Mobile

Senators add Wi-Fi to broadband debate

Two U.S. senators propose Wi-Fi networks as an alternative to digital subscriber lines and cable modems for getting broadband Internet access to rural areas and small cities.

Two U.S. senators are proposing Wi-Fi networks as an alternative to digital subscriber lines and cable modems for getting broadband Internet access to rural areas and small cities.

Sens. Barbara Boxer, D-Calif., and George Allen, R-Va., on Tuesday proposed the Jumpstart Broadband Act, which would allocate additional radio spectrum for unlicensed use by wireless broadband devices. The two senators had been promoting the legislation as a means of bringing broadband access to the masses. The bill proposes the use of an additional 255MHz of contiguous spectrum in the 5GHz band.

Wi-Fi, also known as 802.11b, is a technology that allows the creation of wireless networks with a radius of around 300 feet.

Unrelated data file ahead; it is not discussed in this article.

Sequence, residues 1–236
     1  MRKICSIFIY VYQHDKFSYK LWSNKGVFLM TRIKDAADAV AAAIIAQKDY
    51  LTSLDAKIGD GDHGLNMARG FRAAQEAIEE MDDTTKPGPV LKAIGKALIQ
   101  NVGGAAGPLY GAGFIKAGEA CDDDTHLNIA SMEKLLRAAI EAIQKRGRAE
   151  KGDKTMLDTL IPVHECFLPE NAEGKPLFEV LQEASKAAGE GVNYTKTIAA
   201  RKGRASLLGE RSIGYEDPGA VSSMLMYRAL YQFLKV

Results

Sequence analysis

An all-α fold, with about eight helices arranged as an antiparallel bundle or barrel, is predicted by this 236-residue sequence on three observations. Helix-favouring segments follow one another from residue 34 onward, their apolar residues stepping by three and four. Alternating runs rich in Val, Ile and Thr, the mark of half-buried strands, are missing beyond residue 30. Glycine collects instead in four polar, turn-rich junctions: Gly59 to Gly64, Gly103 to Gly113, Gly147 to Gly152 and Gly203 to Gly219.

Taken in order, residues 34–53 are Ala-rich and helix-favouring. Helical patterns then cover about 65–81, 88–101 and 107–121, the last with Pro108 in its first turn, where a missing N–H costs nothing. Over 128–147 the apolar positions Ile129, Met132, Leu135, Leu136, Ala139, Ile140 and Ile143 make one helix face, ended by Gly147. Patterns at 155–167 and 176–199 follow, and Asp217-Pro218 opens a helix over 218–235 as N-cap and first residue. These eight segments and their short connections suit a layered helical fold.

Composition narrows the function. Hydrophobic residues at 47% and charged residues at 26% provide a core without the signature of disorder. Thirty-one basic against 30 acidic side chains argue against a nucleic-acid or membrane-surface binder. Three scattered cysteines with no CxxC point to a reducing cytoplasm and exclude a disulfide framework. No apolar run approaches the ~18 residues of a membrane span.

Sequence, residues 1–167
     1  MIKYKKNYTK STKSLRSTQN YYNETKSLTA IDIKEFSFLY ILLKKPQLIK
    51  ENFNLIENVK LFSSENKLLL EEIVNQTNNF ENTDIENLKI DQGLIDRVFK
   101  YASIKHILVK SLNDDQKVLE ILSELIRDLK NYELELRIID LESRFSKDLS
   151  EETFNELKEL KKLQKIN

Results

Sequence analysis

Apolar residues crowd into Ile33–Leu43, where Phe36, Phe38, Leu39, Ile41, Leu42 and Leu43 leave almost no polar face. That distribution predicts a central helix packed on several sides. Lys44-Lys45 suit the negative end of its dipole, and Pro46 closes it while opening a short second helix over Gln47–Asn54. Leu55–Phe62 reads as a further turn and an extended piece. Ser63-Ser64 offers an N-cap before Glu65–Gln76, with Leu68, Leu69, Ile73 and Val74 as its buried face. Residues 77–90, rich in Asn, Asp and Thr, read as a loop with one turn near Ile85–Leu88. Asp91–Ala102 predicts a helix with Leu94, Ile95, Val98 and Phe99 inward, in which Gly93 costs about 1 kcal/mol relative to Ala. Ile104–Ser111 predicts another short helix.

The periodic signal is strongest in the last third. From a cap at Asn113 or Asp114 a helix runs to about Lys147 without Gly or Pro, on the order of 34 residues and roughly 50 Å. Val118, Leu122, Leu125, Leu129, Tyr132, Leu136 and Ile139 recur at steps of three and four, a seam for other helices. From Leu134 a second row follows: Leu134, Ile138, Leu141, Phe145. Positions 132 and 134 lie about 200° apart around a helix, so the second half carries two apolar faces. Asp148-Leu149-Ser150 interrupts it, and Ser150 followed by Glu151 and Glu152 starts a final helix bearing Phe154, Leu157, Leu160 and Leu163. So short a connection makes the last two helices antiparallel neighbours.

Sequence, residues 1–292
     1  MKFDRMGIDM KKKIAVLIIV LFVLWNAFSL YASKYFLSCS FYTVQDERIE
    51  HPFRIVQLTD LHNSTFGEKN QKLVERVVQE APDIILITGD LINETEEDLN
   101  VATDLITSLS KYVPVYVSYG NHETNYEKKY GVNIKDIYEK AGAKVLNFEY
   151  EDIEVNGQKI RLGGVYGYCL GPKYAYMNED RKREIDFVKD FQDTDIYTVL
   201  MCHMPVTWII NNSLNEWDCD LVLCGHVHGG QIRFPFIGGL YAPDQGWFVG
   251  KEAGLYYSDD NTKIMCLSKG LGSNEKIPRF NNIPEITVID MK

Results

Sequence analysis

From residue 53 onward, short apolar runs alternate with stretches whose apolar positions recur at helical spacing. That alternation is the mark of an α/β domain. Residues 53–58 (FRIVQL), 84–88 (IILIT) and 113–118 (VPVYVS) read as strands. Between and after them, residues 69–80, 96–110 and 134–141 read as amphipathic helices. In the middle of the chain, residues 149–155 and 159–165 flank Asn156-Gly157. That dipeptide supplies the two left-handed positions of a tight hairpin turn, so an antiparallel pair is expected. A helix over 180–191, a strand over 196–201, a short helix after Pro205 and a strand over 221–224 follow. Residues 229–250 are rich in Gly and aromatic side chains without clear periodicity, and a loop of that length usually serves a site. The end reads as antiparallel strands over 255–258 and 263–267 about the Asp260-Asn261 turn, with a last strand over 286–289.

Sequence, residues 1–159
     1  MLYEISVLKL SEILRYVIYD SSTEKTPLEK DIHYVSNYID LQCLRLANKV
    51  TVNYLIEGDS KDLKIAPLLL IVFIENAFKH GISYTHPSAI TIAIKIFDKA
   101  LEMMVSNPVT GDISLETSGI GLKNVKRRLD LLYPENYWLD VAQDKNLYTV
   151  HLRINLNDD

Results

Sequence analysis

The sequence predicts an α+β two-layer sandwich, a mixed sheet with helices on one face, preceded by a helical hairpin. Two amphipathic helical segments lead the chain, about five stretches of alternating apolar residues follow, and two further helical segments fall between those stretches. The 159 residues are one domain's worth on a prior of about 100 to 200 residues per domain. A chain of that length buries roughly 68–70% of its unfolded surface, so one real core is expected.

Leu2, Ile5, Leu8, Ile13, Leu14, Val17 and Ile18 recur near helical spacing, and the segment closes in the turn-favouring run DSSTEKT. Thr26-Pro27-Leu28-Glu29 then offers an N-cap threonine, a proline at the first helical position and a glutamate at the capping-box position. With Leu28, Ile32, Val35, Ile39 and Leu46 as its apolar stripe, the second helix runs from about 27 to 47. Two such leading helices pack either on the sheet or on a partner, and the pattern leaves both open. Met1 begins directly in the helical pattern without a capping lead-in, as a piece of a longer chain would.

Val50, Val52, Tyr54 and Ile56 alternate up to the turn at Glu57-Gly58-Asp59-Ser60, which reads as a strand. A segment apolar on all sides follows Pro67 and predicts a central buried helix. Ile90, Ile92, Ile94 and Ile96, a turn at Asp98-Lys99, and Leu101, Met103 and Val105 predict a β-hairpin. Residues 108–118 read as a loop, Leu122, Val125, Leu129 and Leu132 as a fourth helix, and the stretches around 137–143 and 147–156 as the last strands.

The launching of broadband access has primarily been a two-horse race between DSL and cable modems. However the number of broadband subscribers in rural areas and small cities often does not outweigh the cost to release the service in those areas. The act would lay the groundwork for more powerful and cheaper long-range wireless networks for broadband access. The bill also sets "rules of the road" for the launch of wireless networks to avoid transmissions interfering with other bandwidth users, including the military.

"Our legislation will build confidence among consumers, investors and innovators in the telecommunications and technology industries to eventually make the broadband dream a reality," Sen. Allen said Tuesday in a statement that was submitted for the Congressional Record. "The proliferation of next-generation broadband Internet connections will reinvigorate growth in the technology and telecommunications industries and improve our lives."

Sen. Allen added that helping the developing wireless home networking industry could help produce more jobs, increase productivity, improve health care delivery and make education more accessible. The senator added that working in a bipartisan manner with Sen. Boxer, technologists, the Federal Communications Commission and the Department of Defense, can help to create another form of broadband access.